Rationale: Screening for obstructive sleep apnea (OSA) in commercial drivers is imperative because OSA is common in this group, causes daytime sleepiness and may lead to vehicular crashes. We evaluated whether data obtained during a simulated pre-employment examination can identify latent cases of OSA among volunteers that hold commercial driving licenses in the Philadelphia area. Subjects: We solicited participants using internet advertisements. Inclusion criteria were: age 18 to 65 years, residence within 40 miles of the Penn Sleep Center, and possession of a valid commercial driver's license. Exclusion criteria were: current use of continuous positive airway pressure (CPAP), bi-level positive airway pressure (BiPAP), or supplemental oxygen; nocturnal hypoxia due to another medical illness; somatic or psychiatric complaint that precluded ability to complete study procedures. Methods: For each subject, we simulated a medical-certification exam described by the Federal Motor Carrier Safety Administration (FMCSA). During the examination, we recorded demographic variables, body mass index (BMI), neck circumference (NC), apnea symptoms (Sx) and Epworth Sleepiness Scale score (ESS). Using data on BMI, age, gender and symptoms, we computed the multivariable apnea prediction (MAP) for each driver (range 0=no risk to 1=maximal risk)1. We then conducted unattended oximetry and concurrent Type II portable sleep studies in the subject's home. From these recordings, we computed the 4% desaturation index (ODI4) and Apnea-Hypopnea Index (AHI). ODI4 was calculated as the number of desaturations >=4% divided by recording time. Apneas and hypopneas were scored using American Academy of Sleep Medicine (AASM) criteria by a technologist who was blind to all other data. The AHI equaled apneas plus hypopneas divided by EEG-derived sleep time. Results: For 39 drivers, demographic variables, examination data, and poylsomnographic indices are shown in Table 1 . MAP and ODI4 correlated strongly with OSA severity (AHI). For MAP, the Spearman Rank and Pearson correlation coefficients were 0.59 and 0.53, respectively, and indicated excellent discriminatory power. For ODI4, these values were 0.86 and 0.95, respectively.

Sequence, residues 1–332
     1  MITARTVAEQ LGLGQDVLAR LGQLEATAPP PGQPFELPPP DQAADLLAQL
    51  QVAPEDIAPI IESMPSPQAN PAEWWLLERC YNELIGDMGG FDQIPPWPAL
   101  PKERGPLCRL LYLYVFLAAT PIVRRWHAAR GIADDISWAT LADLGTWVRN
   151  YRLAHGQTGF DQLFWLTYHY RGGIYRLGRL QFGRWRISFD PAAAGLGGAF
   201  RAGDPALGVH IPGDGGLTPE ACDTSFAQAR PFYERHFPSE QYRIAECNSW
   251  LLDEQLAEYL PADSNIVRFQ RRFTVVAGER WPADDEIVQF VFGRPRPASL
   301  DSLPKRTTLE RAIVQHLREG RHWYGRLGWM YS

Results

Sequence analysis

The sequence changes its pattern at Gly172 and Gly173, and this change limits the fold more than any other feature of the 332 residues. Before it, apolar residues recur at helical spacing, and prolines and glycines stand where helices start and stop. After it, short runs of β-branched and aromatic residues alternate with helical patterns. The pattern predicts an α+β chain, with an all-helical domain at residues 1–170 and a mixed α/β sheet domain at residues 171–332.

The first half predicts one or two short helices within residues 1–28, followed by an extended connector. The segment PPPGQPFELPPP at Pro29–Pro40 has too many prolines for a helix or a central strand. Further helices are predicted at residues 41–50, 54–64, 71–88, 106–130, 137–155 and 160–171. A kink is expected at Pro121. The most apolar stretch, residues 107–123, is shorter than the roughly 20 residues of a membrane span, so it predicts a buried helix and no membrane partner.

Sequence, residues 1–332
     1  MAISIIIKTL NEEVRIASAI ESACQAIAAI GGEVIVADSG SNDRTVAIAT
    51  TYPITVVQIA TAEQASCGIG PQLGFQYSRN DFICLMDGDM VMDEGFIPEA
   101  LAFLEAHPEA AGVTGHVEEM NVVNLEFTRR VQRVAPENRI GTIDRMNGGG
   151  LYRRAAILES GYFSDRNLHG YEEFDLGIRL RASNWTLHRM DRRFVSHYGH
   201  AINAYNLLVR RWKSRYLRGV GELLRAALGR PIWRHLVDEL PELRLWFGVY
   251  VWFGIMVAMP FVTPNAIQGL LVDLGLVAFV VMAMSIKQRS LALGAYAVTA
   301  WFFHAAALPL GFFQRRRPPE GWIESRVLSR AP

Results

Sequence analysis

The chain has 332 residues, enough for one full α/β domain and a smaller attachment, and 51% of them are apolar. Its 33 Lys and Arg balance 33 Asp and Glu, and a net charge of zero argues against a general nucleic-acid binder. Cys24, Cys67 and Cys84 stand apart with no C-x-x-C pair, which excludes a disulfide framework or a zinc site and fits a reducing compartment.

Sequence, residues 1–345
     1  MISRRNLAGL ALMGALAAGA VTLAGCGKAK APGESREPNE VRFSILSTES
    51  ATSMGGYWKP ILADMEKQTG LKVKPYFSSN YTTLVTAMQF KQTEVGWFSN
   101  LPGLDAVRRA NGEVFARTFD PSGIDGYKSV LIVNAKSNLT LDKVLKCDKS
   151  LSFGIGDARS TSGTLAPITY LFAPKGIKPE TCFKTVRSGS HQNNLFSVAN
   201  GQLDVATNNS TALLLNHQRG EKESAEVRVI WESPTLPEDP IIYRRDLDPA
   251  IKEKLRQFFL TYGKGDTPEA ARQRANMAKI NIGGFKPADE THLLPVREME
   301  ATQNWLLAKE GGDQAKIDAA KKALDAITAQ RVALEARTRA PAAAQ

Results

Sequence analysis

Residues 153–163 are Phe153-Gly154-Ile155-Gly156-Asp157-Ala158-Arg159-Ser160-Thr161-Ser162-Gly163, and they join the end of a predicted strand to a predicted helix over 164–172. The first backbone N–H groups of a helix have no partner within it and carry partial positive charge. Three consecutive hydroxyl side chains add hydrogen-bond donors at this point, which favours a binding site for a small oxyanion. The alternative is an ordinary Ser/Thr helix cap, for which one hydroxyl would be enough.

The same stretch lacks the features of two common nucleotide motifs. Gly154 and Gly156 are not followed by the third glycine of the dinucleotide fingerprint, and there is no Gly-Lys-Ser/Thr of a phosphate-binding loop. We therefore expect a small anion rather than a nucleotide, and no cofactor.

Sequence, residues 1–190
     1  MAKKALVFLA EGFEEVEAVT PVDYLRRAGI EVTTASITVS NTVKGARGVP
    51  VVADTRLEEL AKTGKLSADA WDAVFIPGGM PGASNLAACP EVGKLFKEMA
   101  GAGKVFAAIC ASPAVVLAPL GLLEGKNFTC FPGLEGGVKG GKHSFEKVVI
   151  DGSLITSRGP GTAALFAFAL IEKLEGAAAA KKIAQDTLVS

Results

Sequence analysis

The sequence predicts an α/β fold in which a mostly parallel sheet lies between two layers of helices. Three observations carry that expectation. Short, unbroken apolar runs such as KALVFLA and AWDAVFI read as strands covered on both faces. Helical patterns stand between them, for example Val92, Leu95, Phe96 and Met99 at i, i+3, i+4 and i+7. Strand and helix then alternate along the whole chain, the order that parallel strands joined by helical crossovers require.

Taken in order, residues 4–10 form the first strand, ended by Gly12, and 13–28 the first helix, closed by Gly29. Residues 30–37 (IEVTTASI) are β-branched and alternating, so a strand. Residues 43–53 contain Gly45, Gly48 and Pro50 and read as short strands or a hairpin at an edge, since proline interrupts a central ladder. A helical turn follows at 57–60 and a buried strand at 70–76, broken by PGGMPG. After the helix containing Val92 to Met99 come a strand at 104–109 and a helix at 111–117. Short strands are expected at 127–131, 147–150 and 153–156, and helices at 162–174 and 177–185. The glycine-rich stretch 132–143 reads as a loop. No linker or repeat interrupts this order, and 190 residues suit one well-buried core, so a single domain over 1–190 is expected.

Age-factors; Breathing; Demographic-characteristics; Occupational-hazards; Occupational-health; Pulmonary-disorders; Pulmonary-function; Pulmonary-function-tests; Pulmonary-system; Pulmonary-system-disorders; Respiration; Respiratory-system-disorders; Risk-analysis; Risk-factors; Sex-factors; Sleep-deprivation; Sleep-disorders; Statistical-analysis; Weight-factors; Weight-measurement; Work-analysis; Work-operations; Work-performance; Workplace-studies; Medical-screening; Drivers